On appeal from Superior Court of New Jersey, Chancery Division, Family Part, Monmouth County, Docket No. FM-13-150-07-C; Mercer County, Docket No. FM-11-679-98-C.
NOT FOR PUBLICATION WITHOUT THE APPROVAL OF THE APPELLATE DIVISION
Before Judges Lintner, Graves and Sabatino.
The parties were married in 1979 and divorced in 1999. They have two sons----one is now nineteen years old, and the other is now sixteen. Plaintiff Michael Geaney appeals from three orders: (1) an order dated July 18, 2006, denying his post-divorce motion to modify his alimony and child support obligations; (2) an order dated April 19, 2007, denying his motion for reconsideration and clarification of the order entered on July 18, 2006; and (3) an order dated May 7, 2007, requiring plaintiff to pay defendant Lillian Geaney alimony in the amount of $1000 per week and child support in the amount of $348 per week. We affirm in part, reverse in part, and remand for further proceedings.
On July 28, 1999, the parties signed a forty-page property settlement agreement (PSA), which was incorporated into their judgment of divorce (JOD). Under paragraphs six and seven of the PSA, plaintiff agreed to pay $575 per week in alimony and $266 per week in child support. Plaintiff also agreed to maintain his existing health insurance, or its equivalent, for the children until they became emancipated. The PSA specifically provided that plaintiff's alimony obligation was subject to "modification in the event of a change in circumstances . . . pursuant to Lepis v. Lepis, 83 N.J. 139 (1980) and the existing case law thereunder."
Pursuant to a consent order dated July 20, 2004, plaintiff's alimony payments increased from $575 per week to $1000 per week, and his child support payments for the two minor children of the marriage increased from $297*fn1 per week to $358 per week. As noted in the consent order, these amounts were based on "[p]laintiff's 2003 gross annual income of $167,000 and income being imputed to the [d]efendant of $9360 gross annually."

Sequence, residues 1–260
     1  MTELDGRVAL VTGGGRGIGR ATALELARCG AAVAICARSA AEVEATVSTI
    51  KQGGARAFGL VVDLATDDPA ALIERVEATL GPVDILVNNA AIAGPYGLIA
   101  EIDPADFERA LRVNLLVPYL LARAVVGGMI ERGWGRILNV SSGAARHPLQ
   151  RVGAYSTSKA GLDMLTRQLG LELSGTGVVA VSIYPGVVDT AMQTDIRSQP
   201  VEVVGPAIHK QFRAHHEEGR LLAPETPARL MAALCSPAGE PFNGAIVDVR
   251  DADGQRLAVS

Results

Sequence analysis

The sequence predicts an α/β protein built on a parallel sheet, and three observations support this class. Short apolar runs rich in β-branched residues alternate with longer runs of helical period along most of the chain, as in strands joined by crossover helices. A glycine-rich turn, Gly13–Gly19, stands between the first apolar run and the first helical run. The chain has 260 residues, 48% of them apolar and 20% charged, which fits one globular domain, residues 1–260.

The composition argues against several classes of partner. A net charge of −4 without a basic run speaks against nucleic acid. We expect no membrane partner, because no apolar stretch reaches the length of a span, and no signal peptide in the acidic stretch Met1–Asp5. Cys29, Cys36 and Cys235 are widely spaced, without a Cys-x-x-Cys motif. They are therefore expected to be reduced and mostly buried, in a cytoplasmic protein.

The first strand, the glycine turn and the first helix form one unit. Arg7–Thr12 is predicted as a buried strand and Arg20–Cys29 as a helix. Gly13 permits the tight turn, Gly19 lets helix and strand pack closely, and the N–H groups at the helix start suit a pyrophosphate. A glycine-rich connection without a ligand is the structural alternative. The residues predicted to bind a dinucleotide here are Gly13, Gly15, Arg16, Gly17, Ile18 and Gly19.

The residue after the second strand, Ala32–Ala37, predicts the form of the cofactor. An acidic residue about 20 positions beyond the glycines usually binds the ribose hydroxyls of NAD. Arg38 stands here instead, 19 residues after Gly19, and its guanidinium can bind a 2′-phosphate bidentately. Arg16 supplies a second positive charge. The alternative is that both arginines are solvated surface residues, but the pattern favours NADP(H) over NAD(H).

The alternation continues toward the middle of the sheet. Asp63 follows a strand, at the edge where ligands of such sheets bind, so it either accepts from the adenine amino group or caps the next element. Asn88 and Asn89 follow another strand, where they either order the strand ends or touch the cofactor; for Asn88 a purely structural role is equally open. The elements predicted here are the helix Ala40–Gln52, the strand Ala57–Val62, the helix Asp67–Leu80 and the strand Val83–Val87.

On January 6, 2006, plaintiff, along with approximately 500 others, was involuntarily terminated from his employment with McGraw-Hill Companies (McGraw). In a letter dated January 9, 2006, Maureen Marshall, Director of Corporate Human Resources, advised: "Michael Geaney has been terminated with severance from the McGraw-Hill Companies, effective January 6, 2006 due to reorganization." In a subsequent letter dated March 2, 2006, Sheila O'Neill, Vice President of Corporate Human Resources wrote: "This letter confirms that Michael Geaney's employment with The McGraw-Hill Companies was involuntarily terminated on January 6, 2006. This termination was due to reorganization. Consequently, there was not any alternative employment available at McGraw Hill for Mr. Geaney." Plaintiff received a severance check from McGraw for $12,625.87, as well as employment services to aid him in obtaining other employment.
Plaintiff possesses an Associates Degree in computer operations and general business from Mercer County Community College. At the time he was terminated, plaintiff had been working at McGraw for approximately seven years as "a manager in a technology department." According to his 2005 tax return, plaintiff's total income in 2005 was $206,955, which was mainly salary.
On January 27, 2006, plaintiff filed a "Notice of Motion for Modification of Child Support & Termination of Alimony Due to Substantial Changed Circumstances & Other Relief" in Mercer County. In support of his motion, plaintiff certified:
Since my termination, I have been actively seeking employment in my field--the technology field--and in other fields. I have forwarded my resume to several "head-hunters" to aid me in my employment search for a similar position, either full-time, part-time or on a contract basis. So far, I have submitted 15 applications in my field or related technology field[s] since my unemployment.
Plaintiff also submitted copies of his Hotjobs.com and Monster.com resume postings, as well as e-mails sent to various individuals inquiring about available positions.
On February 27, 2006, the trial court issued a tentative decision denying plaintiff's motion, stating, in pertinent part:
Since January 6, 2006, plaintiff's attempts to secure employment have been scarce. Although he forwards his resume to friends and former colleagues via e[-]mail, he does not submit proof of (1) daily search results from and interviews with recruiting companies; (2) free online search engine attempts; (3) registration with paid online search companies; (4) listing his resume with and applying to potential employers across the United States; or (5) applying for lower paying jobs or to blind advertisements. Moreover, he ...